Pawns, victims, and an obstacle to peace

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For many Lebanese, the issue of Palestinian refugees in their country constitutes a major problem as well as a bad memory. There is wi! despread sympathy in Lebanon for the Palestinian cause and the refugees’ terrible living conditions. But when it comes to recognizing the basic human and civil rights of the impoverished Palestinians in Lebanon, there is very little support. The issue becomes even more complicated when the issue of weapons in the refugee camps is intermittently raised. A few thousand armed Palestinians who live in these camps belong to various factions representing the Palestine Liberation Organization (PLO) and other leftist and Islamic groups like Hamas and Islamic Jihad.

The bitter memory of the 15-year civil war is still very fresh in the minds of most Lebanese, who blame the PLO for sparking it back in 1975. Thus the Palestinian refugees who brought with them the armed Palestinian factions are still blamed today by a majority of Lebanese for the anguish they had to endure until 1990. Later, after the civil war ended, the Palestinian refugees and armed factions in Lebanon were used as a bargaining chip by both Damascus and Beirut at peace talks with Israel.

The Syrian-influenced Lebanese governments that ruled Lebanon until the pullout of Syrian forces from Lebanon in April did not take any action to disarm the Palestinian factions. They practiced a policy of containment by sending Lebanese troops to surround the refugee camps and man all points of entry to the shantytowns. Beirut has linked the fate of Palestinian arms to the signing of a comprehensive peace treaty between all the Arab countries and Israel that would include a solution for the refugees in Lebanon.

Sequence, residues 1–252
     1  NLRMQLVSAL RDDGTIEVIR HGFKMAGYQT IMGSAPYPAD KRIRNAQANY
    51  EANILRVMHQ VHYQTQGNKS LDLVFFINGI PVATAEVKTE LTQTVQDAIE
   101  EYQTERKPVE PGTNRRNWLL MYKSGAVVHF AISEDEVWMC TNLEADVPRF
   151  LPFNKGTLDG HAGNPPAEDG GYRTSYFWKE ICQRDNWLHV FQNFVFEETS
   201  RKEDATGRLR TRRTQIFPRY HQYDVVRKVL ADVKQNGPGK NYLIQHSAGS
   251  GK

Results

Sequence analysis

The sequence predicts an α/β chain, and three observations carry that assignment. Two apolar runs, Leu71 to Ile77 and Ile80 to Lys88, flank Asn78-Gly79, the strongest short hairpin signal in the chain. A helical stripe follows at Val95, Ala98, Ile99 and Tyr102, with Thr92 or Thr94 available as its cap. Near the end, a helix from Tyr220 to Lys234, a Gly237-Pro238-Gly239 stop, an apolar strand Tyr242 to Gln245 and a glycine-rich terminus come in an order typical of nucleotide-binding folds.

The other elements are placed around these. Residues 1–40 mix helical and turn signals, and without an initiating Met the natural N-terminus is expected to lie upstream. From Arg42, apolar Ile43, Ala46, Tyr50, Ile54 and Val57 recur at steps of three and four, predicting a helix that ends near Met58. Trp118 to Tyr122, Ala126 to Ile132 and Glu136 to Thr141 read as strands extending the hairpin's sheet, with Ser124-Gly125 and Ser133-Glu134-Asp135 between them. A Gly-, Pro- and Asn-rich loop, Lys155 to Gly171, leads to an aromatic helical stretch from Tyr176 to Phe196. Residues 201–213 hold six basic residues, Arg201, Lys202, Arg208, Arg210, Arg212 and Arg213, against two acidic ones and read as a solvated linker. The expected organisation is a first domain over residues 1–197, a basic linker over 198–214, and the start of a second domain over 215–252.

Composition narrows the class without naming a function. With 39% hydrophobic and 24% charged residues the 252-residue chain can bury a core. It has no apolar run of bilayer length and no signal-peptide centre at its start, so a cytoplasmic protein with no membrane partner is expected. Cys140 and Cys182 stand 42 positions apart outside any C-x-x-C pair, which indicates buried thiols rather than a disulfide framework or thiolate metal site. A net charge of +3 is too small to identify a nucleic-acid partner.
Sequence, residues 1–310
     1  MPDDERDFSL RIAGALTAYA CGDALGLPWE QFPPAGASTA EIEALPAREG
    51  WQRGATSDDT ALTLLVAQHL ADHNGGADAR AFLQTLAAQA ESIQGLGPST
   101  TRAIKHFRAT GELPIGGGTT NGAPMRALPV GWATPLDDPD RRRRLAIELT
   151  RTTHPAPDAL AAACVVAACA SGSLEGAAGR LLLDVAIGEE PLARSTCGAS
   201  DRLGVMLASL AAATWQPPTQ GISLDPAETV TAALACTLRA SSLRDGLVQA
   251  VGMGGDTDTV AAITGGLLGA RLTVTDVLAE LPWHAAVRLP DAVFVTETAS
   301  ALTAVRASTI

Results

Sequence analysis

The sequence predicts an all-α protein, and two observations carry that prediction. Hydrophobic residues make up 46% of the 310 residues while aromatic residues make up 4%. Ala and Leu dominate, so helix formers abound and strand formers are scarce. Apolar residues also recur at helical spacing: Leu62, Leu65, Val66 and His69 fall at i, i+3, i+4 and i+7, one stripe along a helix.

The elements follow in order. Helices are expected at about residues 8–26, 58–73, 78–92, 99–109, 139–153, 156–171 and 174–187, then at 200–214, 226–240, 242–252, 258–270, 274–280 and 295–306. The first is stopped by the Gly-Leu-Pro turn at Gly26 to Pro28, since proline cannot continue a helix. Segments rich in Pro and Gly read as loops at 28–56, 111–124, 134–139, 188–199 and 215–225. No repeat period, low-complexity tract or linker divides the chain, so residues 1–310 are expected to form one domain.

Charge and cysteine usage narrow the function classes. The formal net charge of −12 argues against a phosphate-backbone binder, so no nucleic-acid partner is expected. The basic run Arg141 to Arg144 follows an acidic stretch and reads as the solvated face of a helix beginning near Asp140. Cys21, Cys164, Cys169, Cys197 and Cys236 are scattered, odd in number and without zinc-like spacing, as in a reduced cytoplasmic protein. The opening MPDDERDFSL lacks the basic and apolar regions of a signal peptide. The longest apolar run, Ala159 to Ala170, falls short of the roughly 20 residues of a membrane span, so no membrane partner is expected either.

The Palestinian refugees constitute a demographic and economic problem for the Lebanese. Some 17 religious sects live in Lebanon and almost all are vying for power. Since the Palestinian refugees, who number at least 200,000, are mostly Sunni Muslims, in addition to some Orthodox Christians, they will tip the demographic balance if they are resettled in favor of the Lebanese Sunni community, which of course does not suit either the Shi’ites or the Maronite Christians (the largest Christian sect in the country). Since most of the Palestinian refugees live below the poverty line and largely depend on aid from the United Nations, they would likely become a burden on the already ailing Lebanese.

The possibility of repatriating Palestinian refugees to their homeland is diminishing by the day with the ongoing expansion of Jewish settlements in the occupied territories and lack of support from the West, especially the United States, on this issue. The new Palestinian Authority under Mahmoud Abbas is gradually changing its tone on the question of repatriation and has referred in some statements to the right of return to "the Palestinian state", which would not include Israel proper. The hard reality of never returning home has started to sink into the minds of many Palestinian refugees in the Arab world, although it remains a precious dream to most.